Benefits of regular exercise

Getting regular exercise is one of the best things you can do for your health. Not only does it make you feel better, but it also helps you manage your weight, lowers your risk of a number of chronic diseases like heart disease and diabetes and improves your overall health. It keeps your muscles and bones strong, reduces the risk of injury and improves your mental health and mood.

It’s important to understand that the benefits of exercise depend on how much you do and for how long. You may be able to fit in some workouts on the weekend, but you won’t get the full benefits of exercise unless you regularly do physical activity for at least 150 minutes each week.

Exercise boosts the body’s ability to transport oxygen to your working muscles and to clear waste products. That translates into more energy to do the things you want and need to do. Exercise can also increase your metabolism and help you keep off excess weight if you need to do so.

Studies suggest that people who are physically active have a reduced risk of many common diseases, including heart disease and some cancers. Being physically fit also means that you are more likely to live longer.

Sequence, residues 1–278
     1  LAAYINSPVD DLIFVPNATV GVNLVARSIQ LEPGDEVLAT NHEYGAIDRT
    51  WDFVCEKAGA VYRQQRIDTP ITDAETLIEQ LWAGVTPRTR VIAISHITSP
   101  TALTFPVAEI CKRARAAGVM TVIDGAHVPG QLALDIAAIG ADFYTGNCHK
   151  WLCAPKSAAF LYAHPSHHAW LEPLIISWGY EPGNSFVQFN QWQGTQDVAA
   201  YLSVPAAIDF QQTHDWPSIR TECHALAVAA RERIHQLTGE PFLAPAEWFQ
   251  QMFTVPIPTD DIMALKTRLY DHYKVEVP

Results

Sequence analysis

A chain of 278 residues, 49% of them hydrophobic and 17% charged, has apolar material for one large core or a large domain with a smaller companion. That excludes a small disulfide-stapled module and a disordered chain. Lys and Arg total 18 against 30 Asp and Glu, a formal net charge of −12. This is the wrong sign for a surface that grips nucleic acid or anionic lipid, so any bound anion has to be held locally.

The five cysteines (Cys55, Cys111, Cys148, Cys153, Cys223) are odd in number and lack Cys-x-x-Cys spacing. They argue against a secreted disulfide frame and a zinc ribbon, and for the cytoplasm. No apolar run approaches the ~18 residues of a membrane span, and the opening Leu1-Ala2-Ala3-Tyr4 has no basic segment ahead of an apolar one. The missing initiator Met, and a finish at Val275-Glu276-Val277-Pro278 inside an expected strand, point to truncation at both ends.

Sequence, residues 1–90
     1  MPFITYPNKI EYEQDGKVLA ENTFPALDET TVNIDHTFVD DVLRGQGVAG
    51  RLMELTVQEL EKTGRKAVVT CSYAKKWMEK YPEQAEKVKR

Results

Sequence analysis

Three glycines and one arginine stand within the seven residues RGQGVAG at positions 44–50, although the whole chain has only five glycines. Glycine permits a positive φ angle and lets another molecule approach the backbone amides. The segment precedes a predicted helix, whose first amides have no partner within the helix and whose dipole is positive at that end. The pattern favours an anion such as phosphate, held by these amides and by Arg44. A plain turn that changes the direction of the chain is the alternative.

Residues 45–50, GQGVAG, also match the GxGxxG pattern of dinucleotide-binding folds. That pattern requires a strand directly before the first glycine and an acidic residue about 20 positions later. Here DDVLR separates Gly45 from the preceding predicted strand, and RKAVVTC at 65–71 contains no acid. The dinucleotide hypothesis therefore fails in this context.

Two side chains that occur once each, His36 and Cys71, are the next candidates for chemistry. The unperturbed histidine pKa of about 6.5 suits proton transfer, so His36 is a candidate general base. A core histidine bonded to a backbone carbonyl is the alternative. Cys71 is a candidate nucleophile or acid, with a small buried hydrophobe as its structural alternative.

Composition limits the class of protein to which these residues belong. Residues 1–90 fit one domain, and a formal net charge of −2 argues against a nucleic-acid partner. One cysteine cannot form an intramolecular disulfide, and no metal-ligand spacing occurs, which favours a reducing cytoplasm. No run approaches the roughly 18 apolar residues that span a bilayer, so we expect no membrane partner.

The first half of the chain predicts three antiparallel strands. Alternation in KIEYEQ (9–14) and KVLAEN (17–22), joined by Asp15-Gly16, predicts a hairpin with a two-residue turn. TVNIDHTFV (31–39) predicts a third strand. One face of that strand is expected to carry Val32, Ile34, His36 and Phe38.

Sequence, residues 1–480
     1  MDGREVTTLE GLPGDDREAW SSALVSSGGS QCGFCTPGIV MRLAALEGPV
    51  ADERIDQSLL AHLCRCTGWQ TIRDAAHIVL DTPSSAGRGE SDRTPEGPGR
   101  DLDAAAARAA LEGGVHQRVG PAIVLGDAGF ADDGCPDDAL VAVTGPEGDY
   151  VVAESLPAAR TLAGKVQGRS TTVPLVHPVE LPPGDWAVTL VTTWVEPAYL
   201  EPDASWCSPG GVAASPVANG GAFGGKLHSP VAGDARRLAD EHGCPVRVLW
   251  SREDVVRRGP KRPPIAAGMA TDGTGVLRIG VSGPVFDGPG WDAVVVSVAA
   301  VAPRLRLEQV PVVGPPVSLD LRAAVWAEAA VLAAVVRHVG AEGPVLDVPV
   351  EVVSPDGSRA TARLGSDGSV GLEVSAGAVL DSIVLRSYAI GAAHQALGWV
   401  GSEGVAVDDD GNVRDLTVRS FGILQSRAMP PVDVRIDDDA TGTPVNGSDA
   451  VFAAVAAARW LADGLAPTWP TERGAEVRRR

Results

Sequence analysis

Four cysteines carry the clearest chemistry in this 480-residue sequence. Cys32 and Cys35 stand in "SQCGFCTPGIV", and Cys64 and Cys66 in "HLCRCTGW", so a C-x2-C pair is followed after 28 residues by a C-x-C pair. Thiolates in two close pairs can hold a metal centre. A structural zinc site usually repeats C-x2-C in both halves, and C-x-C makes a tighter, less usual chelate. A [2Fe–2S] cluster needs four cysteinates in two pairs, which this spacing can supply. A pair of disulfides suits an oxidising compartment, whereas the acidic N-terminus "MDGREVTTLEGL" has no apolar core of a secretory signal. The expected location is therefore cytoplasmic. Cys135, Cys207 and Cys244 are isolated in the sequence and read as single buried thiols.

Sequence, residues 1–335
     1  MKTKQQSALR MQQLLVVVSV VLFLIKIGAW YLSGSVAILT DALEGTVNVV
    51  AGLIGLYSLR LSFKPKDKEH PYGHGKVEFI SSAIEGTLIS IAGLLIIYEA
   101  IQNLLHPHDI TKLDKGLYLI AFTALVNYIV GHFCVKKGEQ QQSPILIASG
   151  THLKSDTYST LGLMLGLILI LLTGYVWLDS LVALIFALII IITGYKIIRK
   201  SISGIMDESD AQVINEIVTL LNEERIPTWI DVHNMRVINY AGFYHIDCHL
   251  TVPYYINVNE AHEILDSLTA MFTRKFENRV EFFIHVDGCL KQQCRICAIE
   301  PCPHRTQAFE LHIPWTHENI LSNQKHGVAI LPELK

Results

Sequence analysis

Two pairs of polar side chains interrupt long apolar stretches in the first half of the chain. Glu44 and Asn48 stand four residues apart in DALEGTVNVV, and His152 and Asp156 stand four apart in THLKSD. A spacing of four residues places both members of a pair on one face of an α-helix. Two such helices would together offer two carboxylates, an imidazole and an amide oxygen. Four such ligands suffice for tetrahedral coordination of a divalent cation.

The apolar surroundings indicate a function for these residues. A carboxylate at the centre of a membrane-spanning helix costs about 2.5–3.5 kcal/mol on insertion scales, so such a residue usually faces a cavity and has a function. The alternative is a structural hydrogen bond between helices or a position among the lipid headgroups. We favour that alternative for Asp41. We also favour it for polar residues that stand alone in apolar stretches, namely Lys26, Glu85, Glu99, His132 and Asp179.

If you’re prone to back pain or other chronic conditions like arthritis or fibromyalgia, exercise can help you manage your symptoms by strengthening your muscles and improving flexibility. Having flexible joints, muscles and tendons can prevent injuries that occur when you lift something heavy or fall. It also makes you less likely to hurt yourself when participating in activities that require balance and coordination.

The skeletal muscle is the body’s largest organ. Contracting muscle cells releases multiple hormones that can affect a wide range of bodily functions, from your blood pressure and cholesterol levels to your bone strength and body fat composition. These hormones also help keep your muscles and tendons healthy and strong, which can reduce the risk of injury.

A recent study showed that people who reported getting at least 30 to 60 minutes of moderate-intensity exercise a day had a 28% lower risk for all-cause mortality than those who didn’t get any physical activity. The same study found that those who got more than 150 minutes of exercise a week had a 38% lower risk for all-cause mortality.

It’s important to find the type of exercise you enjoy and stick with it, even when life gets in the way. That can be as simple as going for a walk with a friend or taking a yoga class. It can also involve joining a group sport like football or karate, which can help you meet new friends. Just try not to let a busy schedule or lack of motivation hold you back from moving your body. You’ll thank yourself later. Start slowly and work up to the recommended amount of exercise. You can do it! -Dr. David Greig, MD, is a professor of psychiatry at the University of Colorado School of Medicine.

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